phytonutrients in tomatoes are better absorbed in the presence of fat, use a moderate amount of
cold-pressed organic oils when cooking.
Specific Health Benefits:
- Rubbing tomato paste protects against sunburn whereas ingestion of cooked tomatoes (activated Lycopene) partially protects us from the most harmful type of UV radiation from the Sun.
- Lowers levels of harmful cholesterol and triglycerides in blood.
- Reduces the risk of Cancer of the digestive and reproductive organs.
- Keeps the walls of our blood vessels healthy thus reducing the risk of High Blood Pressure,
stroke and heart attacks.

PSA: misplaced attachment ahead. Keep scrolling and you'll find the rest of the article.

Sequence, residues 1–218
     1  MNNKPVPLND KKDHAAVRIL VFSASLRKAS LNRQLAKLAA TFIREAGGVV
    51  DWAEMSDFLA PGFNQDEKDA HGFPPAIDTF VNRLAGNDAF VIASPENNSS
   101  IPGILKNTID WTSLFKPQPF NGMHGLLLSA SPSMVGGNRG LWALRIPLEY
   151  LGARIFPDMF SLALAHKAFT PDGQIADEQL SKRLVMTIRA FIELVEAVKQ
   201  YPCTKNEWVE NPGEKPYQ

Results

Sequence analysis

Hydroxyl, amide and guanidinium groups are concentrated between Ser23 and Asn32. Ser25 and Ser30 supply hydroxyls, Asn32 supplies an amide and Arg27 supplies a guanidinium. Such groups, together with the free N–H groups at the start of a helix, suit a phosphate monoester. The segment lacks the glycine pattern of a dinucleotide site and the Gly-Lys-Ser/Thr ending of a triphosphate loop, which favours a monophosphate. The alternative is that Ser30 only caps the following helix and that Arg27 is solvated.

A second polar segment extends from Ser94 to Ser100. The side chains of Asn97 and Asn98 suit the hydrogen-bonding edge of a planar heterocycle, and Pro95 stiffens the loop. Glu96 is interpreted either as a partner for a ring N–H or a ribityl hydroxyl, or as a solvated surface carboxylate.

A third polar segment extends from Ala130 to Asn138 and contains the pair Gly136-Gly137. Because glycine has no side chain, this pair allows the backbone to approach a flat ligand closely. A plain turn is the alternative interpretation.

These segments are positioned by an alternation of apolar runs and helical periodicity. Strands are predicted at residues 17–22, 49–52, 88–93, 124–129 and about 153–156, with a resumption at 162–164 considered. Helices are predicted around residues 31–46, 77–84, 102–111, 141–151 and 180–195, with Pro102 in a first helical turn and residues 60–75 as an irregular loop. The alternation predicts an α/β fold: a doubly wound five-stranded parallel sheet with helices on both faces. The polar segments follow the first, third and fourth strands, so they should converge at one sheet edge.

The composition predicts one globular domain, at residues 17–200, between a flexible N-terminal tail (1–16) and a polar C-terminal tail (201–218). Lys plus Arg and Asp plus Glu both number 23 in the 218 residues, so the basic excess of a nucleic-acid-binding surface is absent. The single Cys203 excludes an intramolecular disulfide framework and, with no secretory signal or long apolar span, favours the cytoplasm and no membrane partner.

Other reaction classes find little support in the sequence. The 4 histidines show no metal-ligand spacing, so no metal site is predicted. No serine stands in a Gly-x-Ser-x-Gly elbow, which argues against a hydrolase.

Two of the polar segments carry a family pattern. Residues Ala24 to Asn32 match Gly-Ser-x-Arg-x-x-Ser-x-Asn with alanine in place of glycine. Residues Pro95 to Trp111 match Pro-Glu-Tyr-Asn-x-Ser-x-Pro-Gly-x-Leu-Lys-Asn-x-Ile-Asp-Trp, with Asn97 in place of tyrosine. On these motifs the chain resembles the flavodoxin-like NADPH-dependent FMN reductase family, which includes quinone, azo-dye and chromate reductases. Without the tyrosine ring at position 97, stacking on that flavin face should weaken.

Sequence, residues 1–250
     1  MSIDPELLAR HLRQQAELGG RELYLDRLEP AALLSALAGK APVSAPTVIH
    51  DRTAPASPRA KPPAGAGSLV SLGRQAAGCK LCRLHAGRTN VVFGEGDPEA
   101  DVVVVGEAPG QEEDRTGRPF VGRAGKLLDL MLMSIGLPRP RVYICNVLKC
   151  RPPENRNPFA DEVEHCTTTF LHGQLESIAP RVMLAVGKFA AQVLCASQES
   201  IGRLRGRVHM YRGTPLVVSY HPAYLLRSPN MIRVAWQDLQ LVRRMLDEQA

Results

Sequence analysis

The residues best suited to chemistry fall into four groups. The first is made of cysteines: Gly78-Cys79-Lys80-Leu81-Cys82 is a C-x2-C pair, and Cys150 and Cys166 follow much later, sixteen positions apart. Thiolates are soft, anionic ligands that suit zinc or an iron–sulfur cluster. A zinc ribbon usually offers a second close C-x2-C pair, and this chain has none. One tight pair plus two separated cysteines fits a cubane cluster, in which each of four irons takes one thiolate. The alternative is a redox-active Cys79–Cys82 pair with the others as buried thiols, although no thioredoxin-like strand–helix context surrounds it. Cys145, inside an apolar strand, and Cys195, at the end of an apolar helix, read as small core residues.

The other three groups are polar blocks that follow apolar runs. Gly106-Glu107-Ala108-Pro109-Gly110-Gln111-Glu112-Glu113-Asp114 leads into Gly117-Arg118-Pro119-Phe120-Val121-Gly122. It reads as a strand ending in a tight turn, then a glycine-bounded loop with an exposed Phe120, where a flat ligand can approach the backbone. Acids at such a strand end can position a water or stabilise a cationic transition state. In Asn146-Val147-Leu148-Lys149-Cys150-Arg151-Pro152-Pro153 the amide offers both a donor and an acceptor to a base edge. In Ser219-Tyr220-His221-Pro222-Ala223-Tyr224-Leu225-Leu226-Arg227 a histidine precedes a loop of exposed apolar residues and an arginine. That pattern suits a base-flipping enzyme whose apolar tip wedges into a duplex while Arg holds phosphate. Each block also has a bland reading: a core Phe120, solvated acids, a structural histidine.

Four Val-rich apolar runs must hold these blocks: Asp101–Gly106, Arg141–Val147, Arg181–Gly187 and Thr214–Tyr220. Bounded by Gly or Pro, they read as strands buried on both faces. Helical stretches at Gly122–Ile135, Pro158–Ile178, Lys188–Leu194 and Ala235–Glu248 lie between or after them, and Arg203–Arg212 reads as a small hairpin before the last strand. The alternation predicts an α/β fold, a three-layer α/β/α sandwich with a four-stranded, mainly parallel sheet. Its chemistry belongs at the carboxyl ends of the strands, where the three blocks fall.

- Rich in antioxidants, tomatoes help to detoxify and boost our immunity.
- Carotene is known to keep the eyes healthy and tomatoes are rich in this compound.
- Good levels of Chromium in tomatoes help to regulate Diabetes.
- Lycopene can even be passed from Mother to child through breastmilk, boosting
their well-being and immunity.
- The high Vitamin C content ensures speedy wound healing as well as good immunity.
The main active biological compounds in Tomatoes are Lycopene (antioxidant),
Coumaric acid, Chlorogenic acid, Rutin, Tomatine and Tomatidine.
They also contain a good balance of many of the essential Vitamins such as A
(in Carotenoid form), most of the different types of B, C and K along with Magnesium,
Manganese and Phosphorus.
The bright red colour of tomatoes indicates its beneficial effect on our blood. In the end,
tomatoes add variety in flavour, colour and texture to our diet.